In an era where digital technology is improving by the day, people are now refusing to use self-checkout machines at stores because they’re taking jobs away from other workers. A study that started in Canada by the Canadian Broadcasting System confirms that there are a lot of Canadians that firmly against the deployment and use of self-checkout machines.
One shopper by the name of Dan Morris tells the CBC in an interview, “They’re trying to herd everyone in, get everyone used to self-checkouts to cut down on staff. Machines don’t pay taxes. They don’t pay into the pension plan.”
Are self-checkout machines killing jobs?
The majority of people who participate in the CBC study agree with Dan’s thoughts; that self-checkout machines will drive people out of jobs and families into financial distress. Tom Eburne, who lives in Chilliwack, British Columbia says he completely refuses to utilize self-checkout machines for those reasons. He vows to do whatever he can to keep cashiers employed and real people working.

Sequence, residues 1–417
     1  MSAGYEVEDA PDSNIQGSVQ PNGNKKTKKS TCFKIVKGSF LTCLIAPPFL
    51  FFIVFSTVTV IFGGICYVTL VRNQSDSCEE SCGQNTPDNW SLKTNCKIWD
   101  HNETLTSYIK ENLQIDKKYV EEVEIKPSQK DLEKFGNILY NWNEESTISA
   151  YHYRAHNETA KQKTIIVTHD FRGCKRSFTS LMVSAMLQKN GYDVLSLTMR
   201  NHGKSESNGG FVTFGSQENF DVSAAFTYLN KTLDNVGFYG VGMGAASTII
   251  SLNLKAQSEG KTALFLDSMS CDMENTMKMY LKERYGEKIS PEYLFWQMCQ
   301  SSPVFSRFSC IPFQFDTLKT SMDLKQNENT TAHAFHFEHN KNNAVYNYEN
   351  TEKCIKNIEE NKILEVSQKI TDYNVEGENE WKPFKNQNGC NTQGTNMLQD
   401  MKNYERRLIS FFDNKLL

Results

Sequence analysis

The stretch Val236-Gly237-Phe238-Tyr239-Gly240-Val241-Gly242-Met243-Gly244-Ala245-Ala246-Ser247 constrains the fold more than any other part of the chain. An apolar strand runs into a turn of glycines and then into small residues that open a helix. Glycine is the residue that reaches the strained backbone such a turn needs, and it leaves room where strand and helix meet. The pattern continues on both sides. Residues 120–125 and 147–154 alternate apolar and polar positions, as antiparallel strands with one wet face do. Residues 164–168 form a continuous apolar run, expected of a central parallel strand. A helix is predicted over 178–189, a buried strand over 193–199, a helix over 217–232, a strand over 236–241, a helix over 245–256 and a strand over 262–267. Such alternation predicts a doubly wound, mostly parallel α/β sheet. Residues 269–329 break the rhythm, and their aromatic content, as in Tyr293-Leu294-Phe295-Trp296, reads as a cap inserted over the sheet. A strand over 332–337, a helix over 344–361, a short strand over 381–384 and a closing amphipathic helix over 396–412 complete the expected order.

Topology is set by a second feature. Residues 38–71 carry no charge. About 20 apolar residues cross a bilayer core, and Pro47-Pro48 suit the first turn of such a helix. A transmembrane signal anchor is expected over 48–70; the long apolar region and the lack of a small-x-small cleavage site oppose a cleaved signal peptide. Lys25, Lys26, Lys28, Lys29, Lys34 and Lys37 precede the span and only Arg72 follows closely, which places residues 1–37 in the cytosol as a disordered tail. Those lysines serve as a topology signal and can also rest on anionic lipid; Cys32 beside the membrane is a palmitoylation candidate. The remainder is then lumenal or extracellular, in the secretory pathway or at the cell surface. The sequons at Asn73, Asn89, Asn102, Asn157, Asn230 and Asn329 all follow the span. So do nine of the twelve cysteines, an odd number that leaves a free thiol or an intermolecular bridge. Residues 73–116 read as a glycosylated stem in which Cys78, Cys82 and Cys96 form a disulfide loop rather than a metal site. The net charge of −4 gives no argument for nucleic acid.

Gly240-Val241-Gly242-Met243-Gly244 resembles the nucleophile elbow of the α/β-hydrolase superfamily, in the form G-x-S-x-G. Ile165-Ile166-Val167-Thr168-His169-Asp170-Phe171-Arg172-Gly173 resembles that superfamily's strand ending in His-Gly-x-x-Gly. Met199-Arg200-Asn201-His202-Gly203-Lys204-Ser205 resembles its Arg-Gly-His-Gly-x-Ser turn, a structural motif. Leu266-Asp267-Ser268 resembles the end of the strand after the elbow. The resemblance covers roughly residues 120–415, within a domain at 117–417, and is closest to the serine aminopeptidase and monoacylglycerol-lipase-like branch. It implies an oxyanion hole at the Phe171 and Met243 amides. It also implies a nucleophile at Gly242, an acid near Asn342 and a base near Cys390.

“We will resist as long as we can. I think any job loss is a step backwards,” he says. Other shoppers say that they won’t use self-checkout machines because they hurt the country’s economy. All participants believe that should these self-service machines be fully deployed, they could see thousands of people without jobs.
Some argue that this is good and necessary for business
With people who are adamantly against self check-out machines, there are obviously those who are in favor of them. Sean Mullin, the Executive Director of the Brookfield Institute of Innovation and Entrepreneurship, at Ryerson University in Toronto is one of them. He says that self-checkout machines ultimately reduce labor costs, which benefits the business.
“To kind of cling to an old model just because it involves workers is not something that companies and others are set up to do,” he says.
Is Change Inevitable?
Our good friend we mentioned earlier, Tom Eburne, has a wife who has also never used a self-checkout machine in her life. She says she believes it’s not right to automate a job that is meant for actual human workers. However, she does realize that this technological change that is in the near future may not be able to be kept off for long.
Despite this realization, the Eburnes plan to continue their resistance to using these machines. “Maybe the little we do makes no difference at all,” Tom’s wife says. “But we like to stand by what we believe in.”